A Scrum Master is not a Project Manager

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Those with little experience in Agile development may assume that a Scrum Master is simply a new and fancier name for a Project Manager. In truth, they couldn’t be more wrong. The two roles are worlds apart. If anything, it’s more accurate to compare the roles of the Product Owner and the Project Manager.

Let’s explore the roles of a Project Manager. Primarily, they plan and manage both the team and the project; they are the ones accountable for accomplishing all of the project objectives. In the most simplified terms, the Project Manager is the leader. This role couldn’t be further from the Scrum Master, who coaches and facilitates the team whilst supporting the Product Owner.

The Coach
Primarily, the Scrum Master’s main responsibility is making sure that the Scrum process is correctly implemented, maximising its benefits wherever they see fit. Their guiding and coaching role is heavily based around the support of the Project Owner. Whilst the Product Owner carries the responsibility for the project as a whole, the maintenance of the product backlog and re-prioritisations throughout, the Scrum Master is always there to help. The Scrum Master’s experiences allows them to provide a consultancy role, answering any questions on functionality, user feedback and user experience. Because the Product Owner’s task is an understandably arduous one, it is the Scrum Master’s role to assist them and to view the project from every angle. It’s possibly the Scrum Master’s role in assisting the Product Owner with effective management of the team that tricks people into thinking the role is similar to that of a Project Manager. Instead of assisting the team themselves, they coach the Product Owner which, in turns, helps them understand how to effectively manage the team.

Whilst some Scrum Masters do have a background in Project Management, it doesn’t mean that only those with experience in Project Management can fit the role. In fact, many traditional Project Managers struggle with the transition to the Scrum Master role, as they lose the heavy leader-based hierarchy and no longer lead their team towards a clear, pre-determined goal. Before, the waterfall approach would protect the Project Manager from the consequences of change. They’d have the ability to deal with any change in a strict form-filling fashion, protecting them from risk. On an Agile project, it’s likely that change will be addressed daily. For most traditionalists, this aptitude to change and the lack of product definition at the start of an Agile project is an off-putting trait.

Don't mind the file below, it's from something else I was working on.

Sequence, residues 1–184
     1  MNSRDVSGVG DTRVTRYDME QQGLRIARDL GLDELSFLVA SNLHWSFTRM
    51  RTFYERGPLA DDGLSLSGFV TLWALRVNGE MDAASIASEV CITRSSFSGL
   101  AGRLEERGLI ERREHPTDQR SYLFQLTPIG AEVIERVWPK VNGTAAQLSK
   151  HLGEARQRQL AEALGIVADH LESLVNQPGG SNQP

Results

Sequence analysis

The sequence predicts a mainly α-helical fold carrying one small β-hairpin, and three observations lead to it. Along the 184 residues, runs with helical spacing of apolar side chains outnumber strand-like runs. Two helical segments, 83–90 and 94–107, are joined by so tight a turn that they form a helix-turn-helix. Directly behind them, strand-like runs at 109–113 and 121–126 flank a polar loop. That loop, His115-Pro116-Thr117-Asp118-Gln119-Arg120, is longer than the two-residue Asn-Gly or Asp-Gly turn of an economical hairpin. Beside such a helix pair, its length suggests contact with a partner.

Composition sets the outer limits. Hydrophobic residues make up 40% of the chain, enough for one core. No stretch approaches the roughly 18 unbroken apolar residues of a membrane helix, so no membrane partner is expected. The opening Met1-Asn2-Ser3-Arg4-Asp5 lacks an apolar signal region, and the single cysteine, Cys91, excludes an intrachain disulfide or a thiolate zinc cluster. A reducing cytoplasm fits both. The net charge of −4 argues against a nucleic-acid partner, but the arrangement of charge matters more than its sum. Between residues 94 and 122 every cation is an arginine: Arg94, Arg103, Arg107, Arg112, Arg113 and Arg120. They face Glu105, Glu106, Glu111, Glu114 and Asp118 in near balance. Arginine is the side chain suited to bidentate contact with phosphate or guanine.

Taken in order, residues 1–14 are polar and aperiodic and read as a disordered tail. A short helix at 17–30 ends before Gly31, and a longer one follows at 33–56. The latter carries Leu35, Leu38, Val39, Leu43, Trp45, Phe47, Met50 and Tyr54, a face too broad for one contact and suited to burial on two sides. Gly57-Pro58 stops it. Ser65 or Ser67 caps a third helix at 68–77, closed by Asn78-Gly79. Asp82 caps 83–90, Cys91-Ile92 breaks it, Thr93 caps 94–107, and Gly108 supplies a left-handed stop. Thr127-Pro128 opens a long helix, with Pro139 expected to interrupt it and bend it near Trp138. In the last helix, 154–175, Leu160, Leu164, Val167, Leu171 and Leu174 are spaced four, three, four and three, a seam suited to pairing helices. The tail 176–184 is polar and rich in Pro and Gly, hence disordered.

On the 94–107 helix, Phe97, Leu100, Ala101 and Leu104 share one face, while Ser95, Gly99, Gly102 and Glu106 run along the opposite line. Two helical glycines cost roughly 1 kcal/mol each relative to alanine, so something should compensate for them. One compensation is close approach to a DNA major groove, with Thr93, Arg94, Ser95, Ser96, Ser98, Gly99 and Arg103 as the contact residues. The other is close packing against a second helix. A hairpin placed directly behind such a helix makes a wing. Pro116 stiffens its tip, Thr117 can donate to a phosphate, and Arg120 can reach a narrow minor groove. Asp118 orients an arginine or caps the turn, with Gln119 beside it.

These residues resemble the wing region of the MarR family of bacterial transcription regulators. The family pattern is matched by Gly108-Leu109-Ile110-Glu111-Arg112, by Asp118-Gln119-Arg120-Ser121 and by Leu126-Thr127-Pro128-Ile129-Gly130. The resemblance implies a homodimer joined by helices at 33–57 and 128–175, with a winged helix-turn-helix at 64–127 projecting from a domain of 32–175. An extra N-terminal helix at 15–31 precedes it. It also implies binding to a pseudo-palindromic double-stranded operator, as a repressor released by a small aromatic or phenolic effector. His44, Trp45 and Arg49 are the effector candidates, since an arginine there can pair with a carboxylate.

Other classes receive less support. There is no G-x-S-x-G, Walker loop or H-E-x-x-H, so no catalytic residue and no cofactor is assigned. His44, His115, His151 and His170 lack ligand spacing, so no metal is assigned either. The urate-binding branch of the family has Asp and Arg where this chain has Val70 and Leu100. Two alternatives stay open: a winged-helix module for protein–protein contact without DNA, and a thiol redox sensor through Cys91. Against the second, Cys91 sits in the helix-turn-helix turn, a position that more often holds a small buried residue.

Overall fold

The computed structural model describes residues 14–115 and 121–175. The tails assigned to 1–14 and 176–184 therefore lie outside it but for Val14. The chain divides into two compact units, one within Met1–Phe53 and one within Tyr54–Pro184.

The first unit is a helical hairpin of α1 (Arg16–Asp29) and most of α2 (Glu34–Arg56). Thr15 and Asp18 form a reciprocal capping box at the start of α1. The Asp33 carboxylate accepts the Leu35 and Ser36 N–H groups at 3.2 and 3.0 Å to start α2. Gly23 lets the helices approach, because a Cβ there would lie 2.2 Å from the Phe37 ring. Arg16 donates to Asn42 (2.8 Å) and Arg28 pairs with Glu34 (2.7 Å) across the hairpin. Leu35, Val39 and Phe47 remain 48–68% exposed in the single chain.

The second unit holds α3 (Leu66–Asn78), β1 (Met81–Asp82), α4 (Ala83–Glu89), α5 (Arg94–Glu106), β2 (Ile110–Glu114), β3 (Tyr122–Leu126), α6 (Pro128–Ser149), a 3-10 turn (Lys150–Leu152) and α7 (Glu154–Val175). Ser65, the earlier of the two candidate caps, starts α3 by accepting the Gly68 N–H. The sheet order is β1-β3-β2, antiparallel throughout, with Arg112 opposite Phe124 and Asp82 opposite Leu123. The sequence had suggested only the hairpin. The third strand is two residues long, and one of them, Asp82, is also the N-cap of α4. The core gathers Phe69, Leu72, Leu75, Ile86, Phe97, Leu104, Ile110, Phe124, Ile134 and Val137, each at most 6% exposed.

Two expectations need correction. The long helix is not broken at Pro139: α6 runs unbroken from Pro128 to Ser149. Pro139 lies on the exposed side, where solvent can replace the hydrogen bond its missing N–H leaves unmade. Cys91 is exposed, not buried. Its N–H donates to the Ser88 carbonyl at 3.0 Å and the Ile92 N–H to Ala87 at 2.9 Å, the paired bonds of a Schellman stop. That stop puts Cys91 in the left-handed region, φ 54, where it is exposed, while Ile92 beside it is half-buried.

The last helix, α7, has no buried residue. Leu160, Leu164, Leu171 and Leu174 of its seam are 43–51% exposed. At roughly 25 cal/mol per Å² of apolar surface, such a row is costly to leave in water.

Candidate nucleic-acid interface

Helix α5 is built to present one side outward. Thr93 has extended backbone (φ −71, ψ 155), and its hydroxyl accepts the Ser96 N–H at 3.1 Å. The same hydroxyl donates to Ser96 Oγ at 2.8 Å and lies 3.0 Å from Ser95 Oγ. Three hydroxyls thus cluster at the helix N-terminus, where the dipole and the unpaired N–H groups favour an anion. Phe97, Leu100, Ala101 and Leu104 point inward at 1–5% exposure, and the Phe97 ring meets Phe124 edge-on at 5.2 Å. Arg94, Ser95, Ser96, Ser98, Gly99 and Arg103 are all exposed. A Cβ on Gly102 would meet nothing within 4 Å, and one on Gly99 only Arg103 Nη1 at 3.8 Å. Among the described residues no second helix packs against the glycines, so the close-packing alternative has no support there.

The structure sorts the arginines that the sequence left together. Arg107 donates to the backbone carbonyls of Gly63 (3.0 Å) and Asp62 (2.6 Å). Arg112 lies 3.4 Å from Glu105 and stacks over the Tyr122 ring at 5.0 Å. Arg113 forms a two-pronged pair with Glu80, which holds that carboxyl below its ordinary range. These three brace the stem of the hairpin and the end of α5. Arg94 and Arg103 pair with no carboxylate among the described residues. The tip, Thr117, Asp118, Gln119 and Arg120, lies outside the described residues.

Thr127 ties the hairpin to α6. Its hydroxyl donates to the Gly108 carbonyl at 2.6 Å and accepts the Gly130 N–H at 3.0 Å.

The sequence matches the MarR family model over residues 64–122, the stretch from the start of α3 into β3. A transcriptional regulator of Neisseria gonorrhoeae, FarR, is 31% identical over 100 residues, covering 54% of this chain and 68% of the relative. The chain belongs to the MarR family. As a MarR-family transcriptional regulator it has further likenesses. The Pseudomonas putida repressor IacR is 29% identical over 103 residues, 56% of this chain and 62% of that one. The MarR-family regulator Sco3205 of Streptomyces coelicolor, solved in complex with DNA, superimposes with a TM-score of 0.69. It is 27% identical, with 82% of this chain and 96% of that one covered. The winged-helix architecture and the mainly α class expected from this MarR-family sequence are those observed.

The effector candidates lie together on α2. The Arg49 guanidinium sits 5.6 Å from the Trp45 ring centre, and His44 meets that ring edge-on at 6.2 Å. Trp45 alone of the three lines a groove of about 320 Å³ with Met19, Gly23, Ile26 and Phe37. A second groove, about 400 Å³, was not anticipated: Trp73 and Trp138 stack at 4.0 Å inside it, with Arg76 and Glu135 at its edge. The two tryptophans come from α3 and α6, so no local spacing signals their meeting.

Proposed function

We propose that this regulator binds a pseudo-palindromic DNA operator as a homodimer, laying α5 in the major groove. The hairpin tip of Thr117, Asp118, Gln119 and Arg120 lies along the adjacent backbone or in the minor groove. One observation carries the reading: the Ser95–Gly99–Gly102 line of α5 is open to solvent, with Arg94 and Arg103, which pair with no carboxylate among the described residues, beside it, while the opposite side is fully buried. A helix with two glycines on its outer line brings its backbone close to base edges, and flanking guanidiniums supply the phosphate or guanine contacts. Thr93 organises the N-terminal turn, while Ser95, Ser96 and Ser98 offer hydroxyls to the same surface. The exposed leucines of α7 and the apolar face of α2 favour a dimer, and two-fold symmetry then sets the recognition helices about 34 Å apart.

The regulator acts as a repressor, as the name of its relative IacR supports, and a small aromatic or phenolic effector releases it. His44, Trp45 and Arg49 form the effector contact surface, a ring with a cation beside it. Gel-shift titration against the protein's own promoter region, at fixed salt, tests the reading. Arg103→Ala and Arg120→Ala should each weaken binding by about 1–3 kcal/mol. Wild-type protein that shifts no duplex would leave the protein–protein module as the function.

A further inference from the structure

The Scrum Master plays an essential role. Although Agile is being introduced to a lot more projects, there are still many who will shy away from its non-traditional methods. A lot of Project Managers are likely to stick to what they know, feeling it may be easier for them to understand. However, this means they are surrounded by the restrictions of the more traditional methods. When the Scrum Master begins working alongside the Product Owner, they’ll help them adapt – they’ll share their experience with prioritising the backlog and help them achieve their goals.

Similarly, the Scrum Master is also there to support the team. Becoming the link between the Product Owner and the team, they are there to guide them through any problems they may face. If they require assistance, the Scrum Master will coach them into using their skills, leading to a resolution of their issues without formally managing the team as a whole.
Although a Scrum Master will help the team by facilitating the reviews and planning sessions, it’s important that both the team and the Product Owner understand that their role is not managerial. The team is required to manage itself. The most successful scrum teams will have the ability to manage itself into a form that highlights what works best for them.

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